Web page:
A new report is rekindling speculation about the prospect of "Trump TV."
"Donald Trump's son-in-law Jared Kushner has informally approached one of the media industry's top dealmakers about the prospect of setting up a Trump television network after the presidential election in November," the Financial Times reported Monday.
But nothing is imminent.
"These guys still think they have a chance," a friend of Kushner's said Monday.
Meaning: members of Trump's inner circle believe Trump has a real shot at the presidency, despite polling data saying otherwise, so they are focused on the campaign, not a network launch.
That said, Kushner did have an informal conversation with LionTree founder Aryeh Bourkoff, who specializes in media and technology deals, according to a source with knowledge of the matter.
The FT reported that the conversation took place weeks ago, and there hasn't been any followup.
The news was met with mock surprise from people who have been predicting that Trump will try to channel his supporters' passion into a profitable media enterprise after Election Day.
"Who could have possibly seen this one coming?" anti-Trump Republican Senator Ben Sasse tweeted.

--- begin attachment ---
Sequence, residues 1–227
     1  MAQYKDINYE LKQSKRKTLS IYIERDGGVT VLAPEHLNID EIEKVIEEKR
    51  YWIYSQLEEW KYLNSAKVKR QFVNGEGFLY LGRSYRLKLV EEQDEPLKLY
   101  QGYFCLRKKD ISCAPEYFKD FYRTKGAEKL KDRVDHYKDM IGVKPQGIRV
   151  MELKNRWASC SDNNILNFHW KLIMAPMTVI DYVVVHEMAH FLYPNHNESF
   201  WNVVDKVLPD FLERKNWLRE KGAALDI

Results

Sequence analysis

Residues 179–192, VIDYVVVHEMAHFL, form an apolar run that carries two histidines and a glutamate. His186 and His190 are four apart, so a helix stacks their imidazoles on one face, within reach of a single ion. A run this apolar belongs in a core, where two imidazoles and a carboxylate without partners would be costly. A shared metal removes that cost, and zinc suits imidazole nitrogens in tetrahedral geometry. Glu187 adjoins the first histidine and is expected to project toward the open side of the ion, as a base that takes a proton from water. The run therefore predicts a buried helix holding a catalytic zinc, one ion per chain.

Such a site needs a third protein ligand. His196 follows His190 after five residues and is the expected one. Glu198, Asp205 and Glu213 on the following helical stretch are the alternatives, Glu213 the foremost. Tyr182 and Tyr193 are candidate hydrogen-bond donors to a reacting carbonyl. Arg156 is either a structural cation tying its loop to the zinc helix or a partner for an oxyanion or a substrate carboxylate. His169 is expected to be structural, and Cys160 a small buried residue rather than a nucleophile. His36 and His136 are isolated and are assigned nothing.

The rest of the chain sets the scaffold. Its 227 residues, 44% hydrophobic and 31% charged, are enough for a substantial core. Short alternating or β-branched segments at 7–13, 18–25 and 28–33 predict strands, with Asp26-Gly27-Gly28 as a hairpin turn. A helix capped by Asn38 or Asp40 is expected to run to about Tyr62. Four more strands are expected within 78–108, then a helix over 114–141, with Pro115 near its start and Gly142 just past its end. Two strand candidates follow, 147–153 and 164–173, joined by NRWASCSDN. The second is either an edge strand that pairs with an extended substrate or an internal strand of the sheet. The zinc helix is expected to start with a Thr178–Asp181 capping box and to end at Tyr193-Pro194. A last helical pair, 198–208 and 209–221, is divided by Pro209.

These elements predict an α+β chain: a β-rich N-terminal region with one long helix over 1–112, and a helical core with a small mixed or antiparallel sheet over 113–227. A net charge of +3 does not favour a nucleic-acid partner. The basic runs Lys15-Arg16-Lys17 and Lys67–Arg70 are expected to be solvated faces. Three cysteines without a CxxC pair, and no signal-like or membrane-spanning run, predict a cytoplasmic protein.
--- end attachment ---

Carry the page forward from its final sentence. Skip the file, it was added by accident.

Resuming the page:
Kushner and Bourkoff did not respond to requests for comment from CNNMoney. A Trump campaign spokeswoman declined to comment.
Last month Trump denied that he is seeking to launch a television network or streaming service if he loses the election.
"I have no interest in a media company. False rumor," he told The Washington Post.
To outside observers, a "Trump TV" business is a logical next step for Trump if he loses.
Trump's anti-media campaign could naturally turn into a marketing pitch like this: "The media rigged the election against us. That's why we need our own channel."
But it would also be very difficult to pull off.
"Trump will be fantastic at it, because you can just keep juicing those people up and saying crazier and crazier things, and they will just keep paying you money, and you will make $20 million a year," Glenn Beck said on "Reliable Sources" in September.
Beck pioneered a direct-to-subscribers network several years ago. He said he learned that "it is a lot harder than you think."
CNN president Jeff Zucker said something similar when he was asked about the prospect of a Trump network during a Harvard forum last week.
"It's harder to do than people think it is," Zucker said. "I think it's possible, but I'd be surprised if that happened. But I don't know."
A Trump-branded conservative media venture would potentially challenge Fox News from the right.
Trump's campaign chairman Steve Bannon, who came over from Breitbart News, has been building up Breitbart for years as a rival to Fox.
Trump already has the advisers he needs, including Bannon, Kushner, and longtime friend and former Fox News boss Roger Ailes. (However, Ailes is prohibited from working for a direct Fox competitor for the time being.)
Trump also has undeniable television talent, loyal supporters, databases full of voter contact information, and of course his famous Twitter feed.
The millions of voters now supporting him amount to a built-in customer base.